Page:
Docklands Light Railway

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Docklands Light Railway

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The Docklands Light Railway is a light rail public transport metro serving the redeveloped Docklands area of east London, England. The DLR is separate from the London Underground, with separate tracks and rolling stock.

All the trains are computer-controlled and have no driver: a passenger service agent (PSA) on each train is responsible for patrolling the train, checking tickets, making announcements, and controlling the doors. PSAs can also take control of the train in case of computer failure or emergency.

The DLR is operated by high-floor, bi-directional, single-articulated cars with four doors on each side, with each train composed of two cars. The cars have no driverís cab, although there is a small driverís console concealed behind a locked panel at each car end from which the PSA can drive the car in an emergency. Other consoles at each door opening allow the PSA to control door closure and make announcements whilst patrolling the train. Because of the absence of a driverís position, the fully glazed car ends provide an excellent forward (or rear) view for passengers.

The DLR was conceived in the late 1980s by the London Docklands Development Corporation (LDDC) to aid the regeneration of the docks of East London, which had been derelict since the 1960s. As originally conceived, the system was to be entirely above ground and consist of three branches, with their termini at Tower Gateway, Stratford, and Island Gardens. The early plan was an underground line with connections from Charing Cross to Woolwich Arsenal via Fenchurch Street, Surrey Docks, Isle of Dogs, North Greenwich and Custom House. However things changed when the Conservative Government took office on 4th May 1979. They ordered the study into feasible light rail options, resulting in the birth of the DLR.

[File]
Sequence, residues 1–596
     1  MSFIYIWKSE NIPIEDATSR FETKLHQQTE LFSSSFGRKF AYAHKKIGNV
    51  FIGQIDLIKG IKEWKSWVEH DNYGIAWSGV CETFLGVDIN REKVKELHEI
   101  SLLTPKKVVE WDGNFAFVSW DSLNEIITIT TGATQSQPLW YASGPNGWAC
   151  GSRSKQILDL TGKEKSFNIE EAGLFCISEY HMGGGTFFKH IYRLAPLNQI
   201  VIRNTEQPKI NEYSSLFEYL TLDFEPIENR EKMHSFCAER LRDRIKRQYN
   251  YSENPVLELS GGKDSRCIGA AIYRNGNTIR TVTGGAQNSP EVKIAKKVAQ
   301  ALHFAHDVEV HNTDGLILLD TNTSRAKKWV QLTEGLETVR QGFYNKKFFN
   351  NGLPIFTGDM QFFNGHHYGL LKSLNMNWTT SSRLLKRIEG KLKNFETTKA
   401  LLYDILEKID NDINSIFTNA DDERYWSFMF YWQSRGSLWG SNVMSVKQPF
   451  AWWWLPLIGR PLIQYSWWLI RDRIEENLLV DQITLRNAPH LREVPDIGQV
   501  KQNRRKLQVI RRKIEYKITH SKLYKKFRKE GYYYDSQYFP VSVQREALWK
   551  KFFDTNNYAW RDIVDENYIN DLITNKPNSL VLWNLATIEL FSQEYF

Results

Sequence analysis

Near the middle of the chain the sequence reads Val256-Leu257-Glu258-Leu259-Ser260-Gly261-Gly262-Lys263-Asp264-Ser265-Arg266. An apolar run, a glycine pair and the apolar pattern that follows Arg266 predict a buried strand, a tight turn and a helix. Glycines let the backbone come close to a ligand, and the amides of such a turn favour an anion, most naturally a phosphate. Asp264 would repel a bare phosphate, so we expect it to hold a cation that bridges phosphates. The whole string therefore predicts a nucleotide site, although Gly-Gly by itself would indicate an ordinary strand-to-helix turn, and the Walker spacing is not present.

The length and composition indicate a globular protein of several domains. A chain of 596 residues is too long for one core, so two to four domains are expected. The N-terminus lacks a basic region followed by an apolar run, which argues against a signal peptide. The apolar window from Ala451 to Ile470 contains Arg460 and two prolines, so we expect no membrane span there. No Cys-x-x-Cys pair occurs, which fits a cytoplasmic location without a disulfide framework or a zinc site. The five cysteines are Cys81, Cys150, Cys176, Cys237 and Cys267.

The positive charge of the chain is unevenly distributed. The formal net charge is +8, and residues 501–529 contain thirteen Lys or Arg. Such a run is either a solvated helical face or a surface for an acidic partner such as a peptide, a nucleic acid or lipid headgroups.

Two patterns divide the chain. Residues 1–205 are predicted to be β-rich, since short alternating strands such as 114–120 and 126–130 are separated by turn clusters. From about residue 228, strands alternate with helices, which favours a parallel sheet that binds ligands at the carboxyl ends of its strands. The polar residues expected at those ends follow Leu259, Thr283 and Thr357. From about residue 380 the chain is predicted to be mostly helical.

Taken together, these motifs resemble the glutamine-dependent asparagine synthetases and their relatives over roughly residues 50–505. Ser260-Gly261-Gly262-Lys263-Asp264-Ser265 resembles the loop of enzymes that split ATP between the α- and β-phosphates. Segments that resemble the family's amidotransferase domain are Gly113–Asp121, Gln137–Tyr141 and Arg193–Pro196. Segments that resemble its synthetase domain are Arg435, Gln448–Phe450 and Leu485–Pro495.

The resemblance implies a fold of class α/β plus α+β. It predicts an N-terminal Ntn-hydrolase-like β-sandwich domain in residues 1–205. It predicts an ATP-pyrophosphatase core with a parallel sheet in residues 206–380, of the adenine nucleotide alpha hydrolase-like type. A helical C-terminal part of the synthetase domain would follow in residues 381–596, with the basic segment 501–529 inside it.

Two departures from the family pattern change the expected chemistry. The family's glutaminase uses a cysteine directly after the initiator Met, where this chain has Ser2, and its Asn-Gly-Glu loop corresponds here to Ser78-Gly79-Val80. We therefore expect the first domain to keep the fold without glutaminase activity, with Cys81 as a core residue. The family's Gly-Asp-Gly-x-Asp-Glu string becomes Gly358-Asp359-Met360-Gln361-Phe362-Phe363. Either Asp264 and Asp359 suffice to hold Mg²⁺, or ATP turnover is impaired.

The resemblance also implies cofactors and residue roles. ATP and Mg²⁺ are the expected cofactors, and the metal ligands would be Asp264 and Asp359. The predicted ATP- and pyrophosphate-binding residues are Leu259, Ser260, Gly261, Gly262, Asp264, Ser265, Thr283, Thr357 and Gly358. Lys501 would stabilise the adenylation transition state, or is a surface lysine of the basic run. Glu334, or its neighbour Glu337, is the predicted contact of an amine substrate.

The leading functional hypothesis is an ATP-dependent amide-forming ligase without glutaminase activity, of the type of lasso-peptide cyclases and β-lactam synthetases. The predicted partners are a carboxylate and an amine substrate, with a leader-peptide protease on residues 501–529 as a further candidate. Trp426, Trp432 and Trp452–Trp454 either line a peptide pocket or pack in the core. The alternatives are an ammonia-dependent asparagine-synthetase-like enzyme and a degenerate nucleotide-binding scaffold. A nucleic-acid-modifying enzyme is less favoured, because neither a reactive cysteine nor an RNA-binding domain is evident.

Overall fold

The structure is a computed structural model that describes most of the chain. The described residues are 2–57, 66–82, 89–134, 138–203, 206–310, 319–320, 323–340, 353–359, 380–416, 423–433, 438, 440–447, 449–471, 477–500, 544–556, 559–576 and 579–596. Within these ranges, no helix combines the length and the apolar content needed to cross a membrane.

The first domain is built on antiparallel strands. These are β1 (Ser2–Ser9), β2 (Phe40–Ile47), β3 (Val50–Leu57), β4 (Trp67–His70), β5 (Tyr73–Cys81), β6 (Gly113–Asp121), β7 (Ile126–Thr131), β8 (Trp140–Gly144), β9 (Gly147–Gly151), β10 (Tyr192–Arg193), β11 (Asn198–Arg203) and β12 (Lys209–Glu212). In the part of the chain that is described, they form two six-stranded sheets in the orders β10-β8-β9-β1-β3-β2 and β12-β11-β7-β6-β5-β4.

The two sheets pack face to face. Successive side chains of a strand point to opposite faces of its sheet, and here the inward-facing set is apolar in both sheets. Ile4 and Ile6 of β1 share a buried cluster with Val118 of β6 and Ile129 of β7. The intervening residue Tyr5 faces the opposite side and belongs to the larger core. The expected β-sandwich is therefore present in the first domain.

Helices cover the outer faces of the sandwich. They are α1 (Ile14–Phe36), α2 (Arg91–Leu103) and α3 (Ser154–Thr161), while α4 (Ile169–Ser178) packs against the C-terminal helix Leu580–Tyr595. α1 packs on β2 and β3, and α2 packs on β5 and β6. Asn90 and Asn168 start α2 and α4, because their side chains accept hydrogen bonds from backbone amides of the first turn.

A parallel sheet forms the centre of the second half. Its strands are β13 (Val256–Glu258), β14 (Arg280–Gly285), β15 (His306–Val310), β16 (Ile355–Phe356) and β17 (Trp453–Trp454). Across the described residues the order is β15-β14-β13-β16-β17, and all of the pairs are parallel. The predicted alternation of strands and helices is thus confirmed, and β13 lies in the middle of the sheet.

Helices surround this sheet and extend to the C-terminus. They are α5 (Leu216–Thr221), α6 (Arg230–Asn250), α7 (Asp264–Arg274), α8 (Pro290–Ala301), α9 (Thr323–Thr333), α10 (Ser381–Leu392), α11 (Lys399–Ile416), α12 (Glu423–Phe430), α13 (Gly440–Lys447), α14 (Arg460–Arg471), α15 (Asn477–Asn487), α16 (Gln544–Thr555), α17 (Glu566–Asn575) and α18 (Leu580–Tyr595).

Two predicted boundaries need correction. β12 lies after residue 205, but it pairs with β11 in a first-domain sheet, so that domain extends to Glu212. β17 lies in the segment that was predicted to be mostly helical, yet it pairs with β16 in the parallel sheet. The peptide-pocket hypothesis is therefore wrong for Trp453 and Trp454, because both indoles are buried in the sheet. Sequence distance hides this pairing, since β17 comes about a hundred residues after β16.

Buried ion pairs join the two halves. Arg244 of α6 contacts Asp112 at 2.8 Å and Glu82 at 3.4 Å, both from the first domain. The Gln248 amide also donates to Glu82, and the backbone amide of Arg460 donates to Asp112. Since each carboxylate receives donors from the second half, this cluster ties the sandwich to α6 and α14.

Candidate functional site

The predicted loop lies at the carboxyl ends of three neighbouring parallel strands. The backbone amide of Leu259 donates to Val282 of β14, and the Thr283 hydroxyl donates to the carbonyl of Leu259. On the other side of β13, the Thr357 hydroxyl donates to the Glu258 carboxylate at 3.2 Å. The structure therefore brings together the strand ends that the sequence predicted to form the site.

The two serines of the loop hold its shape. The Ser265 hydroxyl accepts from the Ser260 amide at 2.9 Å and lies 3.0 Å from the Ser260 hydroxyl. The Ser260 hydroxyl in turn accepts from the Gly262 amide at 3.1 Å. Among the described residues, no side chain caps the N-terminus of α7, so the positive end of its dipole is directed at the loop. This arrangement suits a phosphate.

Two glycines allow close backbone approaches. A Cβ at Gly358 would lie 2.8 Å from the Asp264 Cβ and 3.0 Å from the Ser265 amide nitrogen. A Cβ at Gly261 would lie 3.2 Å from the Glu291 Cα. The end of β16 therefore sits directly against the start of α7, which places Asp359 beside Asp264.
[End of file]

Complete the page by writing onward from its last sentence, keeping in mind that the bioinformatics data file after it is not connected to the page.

The initial idea was to use modern tram-derived light rail vehicles, with overhead current collection, manual driving, and some street running. The LDDC, however, wanted to showcase cutting-edge technology and disliked overhead wires, and so chose an automatically-driven system with third-rail current collection, but still using tram-derived vehicles. Most of the track was elevated, either on new lightweight concrete viaducts or on disused railway viaducts, with some use of disused surface-level railway right of way. The system was opened by Queen Elizabeth II on 31 July 1987, with passenger service starting a month later, on 31 August.

Stations on west to east branches
Bank for Central London
Tower Gateway for The Tower of London
East India
Canning Town
Royal Victoria
Custom House
Prince Regent
Royal Albert
Beckton Park
Gallions Reach


Stations on north to south branches
Pudding Mill Lane
Bow Church
Devons Road
All Saints
West India Quay
Canary Wharf
Heron Quays
South Quay
Crossharbour and London Arena
Island Gardens
Cutty Sark for Maritime Greenwich
Deptford Bridge
Elverson Road


Stations on London City Airport branch

Canning Town
West Silvertown
Pontoon Dock
London City Airport

: King George V

Future Terminus: Woolwich Arsenal (to be opened in 2009)

Index of London pages

Docklands Light Railway map

Experience another ride on the Docklands Light Railway

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Be a little patient!
If you are on dial-up connection, it may take a while to load.

This video was taken with the A $200 camera designed mainly for still photography,
it will take a 30 minute 30 frames/second video with sound
if you have the 1 Gig memory card.

See another video of the London Underground